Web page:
You can trace the origins of Denison barbs (Sahyadria denisonii) to Southern India, particularly Achankovil, Mundakayam, Cheenkannipuzha, and Chaliyar River. The Roseline fish is also native to India’s Kerala and Karnata parts, with a largely fragmented population.

That’s not all!

Other areas they inhabit in small numbers are Iritti, Bhavani, Kallar, and Sullya. The fish live in very oxygenated water in these river systems, and they tend to gather around the river bank where there is thick vegetation.

Here’s the catch:

This fish is rapidly decreasing in population in the wild because its popularity makes people capture it a lot for sale. Other factors for their shrinking population are the depletion of the resources in highly oxygenated freshwater and deforestation.

Behavior Types of Roseline Sharks (Spotting Their Gender)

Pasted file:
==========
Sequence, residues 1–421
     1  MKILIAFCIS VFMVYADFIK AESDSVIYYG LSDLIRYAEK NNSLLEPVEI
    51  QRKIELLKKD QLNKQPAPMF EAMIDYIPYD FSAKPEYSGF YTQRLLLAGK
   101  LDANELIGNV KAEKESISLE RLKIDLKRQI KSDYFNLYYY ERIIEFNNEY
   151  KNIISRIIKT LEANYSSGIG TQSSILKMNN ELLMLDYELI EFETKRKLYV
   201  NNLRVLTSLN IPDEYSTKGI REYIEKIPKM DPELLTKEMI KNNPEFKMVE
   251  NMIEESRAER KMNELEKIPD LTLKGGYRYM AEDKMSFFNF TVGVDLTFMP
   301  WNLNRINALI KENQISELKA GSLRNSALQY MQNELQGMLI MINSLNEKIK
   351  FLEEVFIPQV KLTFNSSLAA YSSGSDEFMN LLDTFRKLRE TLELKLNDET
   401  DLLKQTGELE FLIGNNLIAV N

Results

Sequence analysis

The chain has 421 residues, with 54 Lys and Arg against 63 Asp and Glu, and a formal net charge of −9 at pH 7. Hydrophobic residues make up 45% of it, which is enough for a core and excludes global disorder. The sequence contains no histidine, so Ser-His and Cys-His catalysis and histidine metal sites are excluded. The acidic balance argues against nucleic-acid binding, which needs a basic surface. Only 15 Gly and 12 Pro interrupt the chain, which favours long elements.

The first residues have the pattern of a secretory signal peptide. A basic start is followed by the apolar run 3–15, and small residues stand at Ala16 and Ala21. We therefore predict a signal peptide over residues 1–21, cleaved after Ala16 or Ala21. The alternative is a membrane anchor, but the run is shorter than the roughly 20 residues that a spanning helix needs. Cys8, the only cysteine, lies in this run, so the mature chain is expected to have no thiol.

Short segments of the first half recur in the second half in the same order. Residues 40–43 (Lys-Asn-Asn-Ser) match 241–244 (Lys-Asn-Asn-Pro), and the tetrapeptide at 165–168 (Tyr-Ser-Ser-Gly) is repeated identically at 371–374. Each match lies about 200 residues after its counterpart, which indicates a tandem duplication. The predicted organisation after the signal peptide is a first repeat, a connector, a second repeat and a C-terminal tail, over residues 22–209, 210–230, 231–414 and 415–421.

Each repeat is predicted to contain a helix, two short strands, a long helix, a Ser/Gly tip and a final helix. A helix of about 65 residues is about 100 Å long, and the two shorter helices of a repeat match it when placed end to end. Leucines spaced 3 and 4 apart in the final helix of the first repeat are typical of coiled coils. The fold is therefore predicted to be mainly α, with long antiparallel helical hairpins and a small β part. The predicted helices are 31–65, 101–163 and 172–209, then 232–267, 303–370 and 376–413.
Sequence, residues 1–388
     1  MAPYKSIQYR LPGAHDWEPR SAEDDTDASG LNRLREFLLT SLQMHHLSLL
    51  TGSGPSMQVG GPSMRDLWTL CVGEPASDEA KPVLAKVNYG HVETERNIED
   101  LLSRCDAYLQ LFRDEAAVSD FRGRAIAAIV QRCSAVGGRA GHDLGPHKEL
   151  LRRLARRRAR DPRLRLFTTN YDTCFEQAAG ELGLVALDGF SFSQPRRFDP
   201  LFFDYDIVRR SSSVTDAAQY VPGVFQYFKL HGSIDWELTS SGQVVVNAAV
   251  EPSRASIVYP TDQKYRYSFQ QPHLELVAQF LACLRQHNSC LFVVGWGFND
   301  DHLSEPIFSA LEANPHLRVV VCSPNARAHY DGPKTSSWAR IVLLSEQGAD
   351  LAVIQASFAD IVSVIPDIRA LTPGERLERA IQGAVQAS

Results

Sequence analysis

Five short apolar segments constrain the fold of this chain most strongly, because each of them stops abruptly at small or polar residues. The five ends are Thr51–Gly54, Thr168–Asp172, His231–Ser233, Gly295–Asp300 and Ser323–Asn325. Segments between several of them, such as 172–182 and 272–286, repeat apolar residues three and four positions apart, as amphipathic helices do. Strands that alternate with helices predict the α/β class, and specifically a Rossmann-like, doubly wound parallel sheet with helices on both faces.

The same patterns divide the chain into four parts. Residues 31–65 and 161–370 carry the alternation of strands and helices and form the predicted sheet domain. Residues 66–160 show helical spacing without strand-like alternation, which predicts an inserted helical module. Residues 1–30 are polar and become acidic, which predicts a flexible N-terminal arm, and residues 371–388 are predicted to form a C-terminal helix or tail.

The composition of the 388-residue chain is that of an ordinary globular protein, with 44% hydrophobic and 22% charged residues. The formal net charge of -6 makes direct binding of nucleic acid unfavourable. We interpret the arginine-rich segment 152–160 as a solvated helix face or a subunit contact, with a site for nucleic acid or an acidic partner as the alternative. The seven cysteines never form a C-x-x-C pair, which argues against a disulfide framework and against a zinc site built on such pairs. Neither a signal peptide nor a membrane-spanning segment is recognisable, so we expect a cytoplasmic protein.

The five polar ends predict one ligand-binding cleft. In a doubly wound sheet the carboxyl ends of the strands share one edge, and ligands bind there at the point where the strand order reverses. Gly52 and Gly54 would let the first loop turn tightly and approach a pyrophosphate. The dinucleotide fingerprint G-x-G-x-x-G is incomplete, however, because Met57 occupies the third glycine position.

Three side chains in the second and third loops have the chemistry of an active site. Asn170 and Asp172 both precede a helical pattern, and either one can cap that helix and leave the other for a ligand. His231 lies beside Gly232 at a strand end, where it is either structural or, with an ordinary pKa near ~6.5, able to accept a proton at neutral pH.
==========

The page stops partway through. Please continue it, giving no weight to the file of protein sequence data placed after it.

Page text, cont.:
It might be very difficult to determine the gender of a Denison Barb by just looking at it. If you plan to keep them in your tank, you should learn how to differentiate between the two.


The best way to tell the difference between the fishes is when they have sexual developments. You can use a thumb rule to identify the female and male fish in your tank.

A female Denison Barb is generally heavier-bodied and bigger than their male counterparts. Sometimes, you will also notice that the female fish is less brilliantly shaded than the male.

They also grow up with a more adjusted body.

On the other hand: